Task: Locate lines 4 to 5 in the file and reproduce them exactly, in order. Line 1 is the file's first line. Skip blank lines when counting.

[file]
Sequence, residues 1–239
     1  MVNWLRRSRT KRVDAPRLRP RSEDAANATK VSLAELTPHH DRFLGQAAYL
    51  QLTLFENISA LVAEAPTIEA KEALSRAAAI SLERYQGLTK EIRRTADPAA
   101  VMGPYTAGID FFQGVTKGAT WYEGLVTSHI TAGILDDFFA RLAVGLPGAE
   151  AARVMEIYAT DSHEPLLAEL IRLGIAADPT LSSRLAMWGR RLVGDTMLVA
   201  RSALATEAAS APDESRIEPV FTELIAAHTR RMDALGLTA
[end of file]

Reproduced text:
   101  VMGPYTAGID FFQGVTKGAT WYEGLVTSHI TAGILDDFFA RLAVGLPGAE
   151  AARVMEIYAT DSHEPLLAEL IRLGIAADPT LSSRLAMWGR RLVGDTMLVA